She told her family that her father was immediately sent to forced labor.

Every time he returned from work, he was wounded and bruised.

One day he returned beaten and with severe bruises, and passed away after a few days.

Tamar remembered that day;

He lay on a high bunk, covered with a white sheet and was not allowed to approach him, crying and shouting.



The mother and her two children then moved to another area in Mogilev and continued to live in harsh conditions, starving and prone to disease.

Luckily they survived some deportations to camps where conditions were even more difficult.

During the day the mother would go out to look for work and gather leftover food, while her two children were left alone in a small alcove, suffering from a cold and often getting sick.

The main food that came to their mouths for nearly three years was kernels and potato peels.

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"Takes pure souls and directs them."

Tamar examines her work as a teacher (Photo: courtesy of the family)

In the spring of 1944, the Red Army entered the city and liberated it.

The children and their mother were finally free, but without their father.

Tamar remembered how that day they ran after the tanks, the Soviet soldiers handed out candies to them and the joy was great.

"We felt like the Messiah had come, we hugged their boots," she said of the day.



Greta, her brother and their mother left the camp exhausted and ill, returned to Chernivtsi and from there to an orphanage in Bucharest.

Greta and her brother were later sent to the Apeldoorn youth aliyah camp in the Netherlands, where they learned Hebrew.



In October 1948, the brothers boarded the State of Israel on the Negba ship, which had about 500 children and teenagers who survived the Holocaust.

14-year-old Greta was sent to Kibbutz Kiryat Anavim as part of the "Aliyat Hanoar" and decided to change her name to an Israeli name, Tamar.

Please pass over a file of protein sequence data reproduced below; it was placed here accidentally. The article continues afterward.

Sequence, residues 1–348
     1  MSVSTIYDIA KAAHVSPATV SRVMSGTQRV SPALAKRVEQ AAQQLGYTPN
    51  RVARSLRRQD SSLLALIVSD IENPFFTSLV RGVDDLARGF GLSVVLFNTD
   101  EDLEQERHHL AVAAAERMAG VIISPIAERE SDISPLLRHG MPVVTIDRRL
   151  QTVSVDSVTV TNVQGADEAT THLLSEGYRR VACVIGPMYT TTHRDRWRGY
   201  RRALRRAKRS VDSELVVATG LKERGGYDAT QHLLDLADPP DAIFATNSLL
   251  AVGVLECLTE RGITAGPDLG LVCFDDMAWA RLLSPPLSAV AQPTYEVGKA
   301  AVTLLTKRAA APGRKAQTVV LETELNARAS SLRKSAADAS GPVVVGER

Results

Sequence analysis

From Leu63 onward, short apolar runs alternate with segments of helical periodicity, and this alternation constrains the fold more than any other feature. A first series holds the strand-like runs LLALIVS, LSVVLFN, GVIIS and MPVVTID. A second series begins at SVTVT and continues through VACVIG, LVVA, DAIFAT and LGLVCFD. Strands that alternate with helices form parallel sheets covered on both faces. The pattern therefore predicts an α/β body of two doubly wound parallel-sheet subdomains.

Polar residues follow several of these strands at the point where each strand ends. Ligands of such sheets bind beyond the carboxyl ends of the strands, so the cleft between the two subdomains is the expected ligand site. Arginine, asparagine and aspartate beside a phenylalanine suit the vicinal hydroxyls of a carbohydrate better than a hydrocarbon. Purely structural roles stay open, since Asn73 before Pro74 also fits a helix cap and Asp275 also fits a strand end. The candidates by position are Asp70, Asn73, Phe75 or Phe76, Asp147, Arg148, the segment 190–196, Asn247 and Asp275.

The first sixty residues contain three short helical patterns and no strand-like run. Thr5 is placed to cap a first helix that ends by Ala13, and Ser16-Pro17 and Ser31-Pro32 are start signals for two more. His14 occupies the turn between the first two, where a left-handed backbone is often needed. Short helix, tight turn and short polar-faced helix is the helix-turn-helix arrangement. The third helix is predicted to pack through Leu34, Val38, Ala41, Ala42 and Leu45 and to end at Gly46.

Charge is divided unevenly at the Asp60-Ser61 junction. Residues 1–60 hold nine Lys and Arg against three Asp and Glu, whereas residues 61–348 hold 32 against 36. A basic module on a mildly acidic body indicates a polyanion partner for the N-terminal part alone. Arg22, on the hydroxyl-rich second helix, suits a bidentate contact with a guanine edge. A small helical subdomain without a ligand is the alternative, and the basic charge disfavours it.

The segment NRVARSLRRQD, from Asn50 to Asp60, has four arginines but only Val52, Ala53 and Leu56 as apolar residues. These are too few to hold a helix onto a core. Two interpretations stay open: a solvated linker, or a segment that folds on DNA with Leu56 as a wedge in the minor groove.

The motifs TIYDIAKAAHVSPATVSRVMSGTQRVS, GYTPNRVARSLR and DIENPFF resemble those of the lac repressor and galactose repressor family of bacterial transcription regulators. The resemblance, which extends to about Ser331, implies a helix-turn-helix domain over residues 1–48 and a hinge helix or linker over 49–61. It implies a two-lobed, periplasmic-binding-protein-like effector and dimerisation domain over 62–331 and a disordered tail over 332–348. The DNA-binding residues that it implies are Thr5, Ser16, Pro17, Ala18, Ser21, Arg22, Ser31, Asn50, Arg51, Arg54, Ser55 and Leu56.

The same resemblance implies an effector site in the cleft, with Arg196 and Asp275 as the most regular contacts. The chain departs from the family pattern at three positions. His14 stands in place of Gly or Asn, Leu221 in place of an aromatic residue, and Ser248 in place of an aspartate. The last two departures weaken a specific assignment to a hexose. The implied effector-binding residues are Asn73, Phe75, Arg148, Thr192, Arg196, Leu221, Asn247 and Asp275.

At the age of 17, she left the kibbutz to fulfill her dream of becoming a kindergarten teacher.

She was registered as a student in the first class of the college that had just been established near Kiryat Tivon and was then called "Kibbutz Oranim Seminar" - now "Oranim - the Academic College of Education".

Tamar and Moshe Bodek had three children and 15 grandchildren and ten great-grandchildren (Photo: courtesy of the family)

Then she also met Moshe Bodek, a Haifa-based Irgun member of the War of Independence who fought in the Givati ​​Brigade. For decades he worked as a teacher in schools in Haifa.



After graduating, she began working as a kindergarten teacher in the Neve Amal transit camp and later moved to Gan Tamar in the village of Ata. To Haifa, where Tamar worked as a kindergarten teacher for decades. When she worked at the Eldar kindergarten near the Mashen nursing home in Haifa, she used to go there with the kindergarten children during the holidays and make the residents happy there



. She was forced to stop working as a kindergarten teacher and began working with children individually and in small groups as a kindergarten teacher in Tirat Carmel.



Thus, the woman whose childhood was stolen from her and who struggled for her survival instead of rejoicing with her parents and brother, playing, sleeping in a warm bed and studying in class with her peers, has over the years become a figure who influences hundreds of children and benefits with them.

"Educating children was my vocation in life," she said several years ago in an interview with Jordan Whitner from IDF Gali, to mark Holocaust Remembrance Day. "Educating children is the purest, primary, direct," she continued. According to what you believe in.

I believe in love. "On the last day of Independence, Moshe Bedek passed away. 45 days later, Tamar passed away.

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Source: walla